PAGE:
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Effective Feedback


Can you help me to find approachesd to giving feedback in an environment where people have very low self-image and where acknowledgement can be seen as 'patronising'?
Dominic Dring

4 Responses

  1. Feedback
    I understand the issue about low self esteem but don’t get the issue concerning acknowledgement being patronising? However, here is an approach adapted from the work of Ingrid Bens ‘Facilitating with Ease’ you might find it useful.

    Step 1: Ask permission to offer feedback.

    Step 2: Describe specifically in behavioural terms what you observed.

    Step 3: Tell them about the direct impact of their actions as you observed them.

    Step 4: Give the other person(s) an opportunity to explain or disucss their actions.

    Step 5: Draw out ideas from the others.

    Step 6: Offer specific suggestions for change.

    Step 7: Summarise and express your support or get them to summarise and express your support.

    Step 8: Follow up.

  2. Effective feedback and enhancing self-esteem
    The following principles may be of some help.

    Feedback is the process of providing learners with information about their progress; effective feedback can motivate, stimulate learning, raise morale and enhance self-esteem. It should not make the recipient feel patronised.

    How should feedback be given?

    * First, encourage self-evaluation
    * Start with positive statements – give praise
    * Stick to facts – what you have observed
    * Be constructive with criticism – refer only to that which can be changed
    * Take responsibility for your feedback – use ‘I’ statements
    * End with praise

    This is called the “praise sandwich”.

    Effective feedback has the following characteristics:

    * makes clear what constitutes competent or successful performance
    * takes into account any unusual circumstances you are aware of that could have affected performance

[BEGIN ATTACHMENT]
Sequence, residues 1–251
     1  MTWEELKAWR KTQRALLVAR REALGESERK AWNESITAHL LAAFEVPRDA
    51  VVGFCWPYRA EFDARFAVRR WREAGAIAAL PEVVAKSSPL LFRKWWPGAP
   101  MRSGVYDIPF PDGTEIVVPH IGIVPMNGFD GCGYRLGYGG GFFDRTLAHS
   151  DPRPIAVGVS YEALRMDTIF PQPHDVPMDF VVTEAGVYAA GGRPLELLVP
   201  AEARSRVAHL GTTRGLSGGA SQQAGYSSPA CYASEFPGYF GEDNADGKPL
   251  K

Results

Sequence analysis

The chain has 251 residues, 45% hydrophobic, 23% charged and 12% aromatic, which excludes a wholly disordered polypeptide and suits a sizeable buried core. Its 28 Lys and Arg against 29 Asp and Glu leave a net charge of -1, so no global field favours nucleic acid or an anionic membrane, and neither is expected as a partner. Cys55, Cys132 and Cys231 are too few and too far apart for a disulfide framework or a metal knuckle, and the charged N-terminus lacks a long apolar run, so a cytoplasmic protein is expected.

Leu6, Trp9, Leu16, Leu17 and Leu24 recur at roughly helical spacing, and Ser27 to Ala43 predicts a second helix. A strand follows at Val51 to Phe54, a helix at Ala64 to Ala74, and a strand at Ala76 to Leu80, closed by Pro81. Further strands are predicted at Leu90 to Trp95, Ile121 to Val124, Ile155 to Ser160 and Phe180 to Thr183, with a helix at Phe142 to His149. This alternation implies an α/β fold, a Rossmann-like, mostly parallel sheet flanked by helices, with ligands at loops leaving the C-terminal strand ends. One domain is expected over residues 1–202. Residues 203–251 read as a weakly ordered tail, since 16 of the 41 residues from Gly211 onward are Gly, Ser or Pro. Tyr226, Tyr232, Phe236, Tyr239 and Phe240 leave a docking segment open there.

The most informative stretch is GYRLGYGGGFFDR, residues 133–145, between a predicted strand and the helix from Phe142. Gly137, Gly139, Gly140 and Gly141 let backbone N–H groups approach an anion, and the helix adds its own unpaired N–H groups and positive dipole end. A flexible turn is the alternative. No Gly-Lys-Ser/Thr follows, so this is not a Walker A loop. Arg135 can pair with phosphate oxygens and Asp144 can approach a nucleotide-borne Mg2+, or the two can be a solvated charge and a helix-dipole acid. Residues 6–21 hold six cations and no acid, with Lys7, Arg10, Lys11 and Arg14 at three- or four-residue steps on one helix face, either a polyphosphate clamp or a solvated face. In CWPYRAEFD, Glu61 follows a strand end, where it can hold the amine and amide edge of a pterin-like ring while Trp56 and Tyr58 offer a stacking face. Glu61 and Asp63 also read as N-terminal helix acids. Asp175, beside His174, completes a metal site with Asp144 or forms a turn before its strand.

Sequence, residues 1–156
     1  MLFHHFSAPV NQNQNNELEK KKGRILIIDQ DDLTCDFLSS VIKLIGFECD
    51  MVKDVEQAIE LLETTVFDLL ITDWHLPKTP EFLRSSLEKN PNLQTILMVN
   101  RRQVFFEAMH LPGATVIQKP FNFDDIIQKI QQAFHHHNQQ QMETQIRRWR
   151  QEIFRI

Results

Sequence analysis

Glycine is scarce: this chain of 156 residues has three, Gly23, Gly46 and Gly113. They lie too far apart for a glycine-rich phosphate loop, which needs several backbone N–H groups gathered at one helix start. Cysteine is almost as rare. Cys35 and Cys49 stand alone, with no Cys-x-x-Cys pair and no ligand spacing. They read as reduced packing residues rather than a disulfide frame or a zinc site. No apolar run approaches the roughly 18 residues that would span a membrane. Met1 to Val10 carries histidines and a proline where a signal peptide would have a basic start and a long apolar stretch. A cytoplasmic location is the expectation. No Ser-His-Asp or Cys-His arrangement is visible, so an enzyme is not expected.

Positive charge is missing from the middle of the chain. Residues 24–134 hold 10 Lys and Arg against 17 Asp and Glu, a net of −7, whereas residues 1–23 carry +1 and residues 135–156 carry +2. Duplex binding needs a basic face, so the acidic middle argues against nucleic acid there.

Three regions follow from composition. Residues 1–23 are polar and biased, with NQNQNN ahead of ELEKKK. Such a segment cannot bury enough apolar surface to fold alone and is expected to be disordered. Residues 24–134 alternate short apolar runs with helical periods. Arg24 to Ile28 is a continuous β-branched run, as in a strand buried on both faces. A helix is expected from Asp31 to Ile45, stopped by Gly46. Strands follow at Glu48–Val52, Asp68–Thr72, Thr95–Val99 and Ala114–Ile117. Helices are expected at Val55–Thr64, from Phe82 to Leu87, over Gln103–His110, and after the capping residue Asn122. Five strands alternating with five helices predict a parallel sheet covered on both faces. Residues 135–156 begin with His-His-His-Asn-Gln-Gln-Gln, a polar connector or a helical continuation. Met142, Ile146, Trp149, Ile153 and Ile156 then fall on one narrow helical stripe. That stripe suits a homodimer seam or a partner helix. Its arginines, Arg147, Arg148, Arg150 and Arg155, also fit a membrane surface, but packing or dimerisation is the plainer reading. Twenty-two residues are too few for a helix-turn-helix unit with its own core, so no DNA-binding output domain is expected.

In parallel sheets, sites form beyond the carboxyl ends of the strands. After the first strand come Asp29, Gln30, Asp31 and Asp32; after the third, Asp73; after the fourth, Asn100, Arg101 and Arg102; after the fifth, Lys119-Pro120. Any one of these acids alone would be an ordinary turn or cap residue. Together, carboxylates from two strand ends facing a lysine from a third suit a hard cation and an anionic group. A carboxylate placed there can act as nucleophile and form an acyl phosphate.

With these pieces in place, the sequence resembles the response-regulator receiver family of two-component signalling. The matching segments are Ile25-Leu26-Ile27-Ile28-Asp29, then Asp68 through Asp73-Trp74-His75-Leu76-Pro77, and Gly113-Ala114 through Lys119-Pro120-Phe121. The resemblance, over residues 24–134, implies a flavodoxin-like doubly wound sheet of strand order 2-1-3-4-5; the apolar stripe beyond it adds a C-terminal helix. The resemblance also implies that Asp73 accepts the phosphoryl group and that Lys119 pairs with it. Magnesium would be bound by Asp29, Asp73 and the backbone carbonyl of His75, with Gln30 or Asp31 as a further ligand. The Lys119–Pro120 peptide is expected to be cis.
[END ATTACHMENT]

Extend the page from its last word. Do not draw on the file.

* helps learners develop their own assessment skills
    * motivates and encourages, rather than blames
    * strikes a balance between positive and negative issues
    * is clear and specific, not vague and generalised
    * is owned by the person giving feedback
    * focuses on future development rather than on past difficulties
    * focuses on that which the learner is able to change
    * remains confidential as far as is possible

  3. Give us a call 01344-382015
    We have long multinational experience with exactly this sort of problems. (call us with no obligation for a brief informal discussion)

  4. The Bath Tub Model
    For feedback on observed performance, start with the positives, elicit improvers, end on a high note…if you drew a graph of this process it would be bath-tub shaped. First question should always be ‘How do you think you did?’ (or some variant) and last question might be something like ‘so, if you were to repeat the (exercise, task, job etc) what would you do differently next time? (or some variant). The use of open questions encouraging the receiver of feedback to self-assess might overcome the ‘patronising’ issue.


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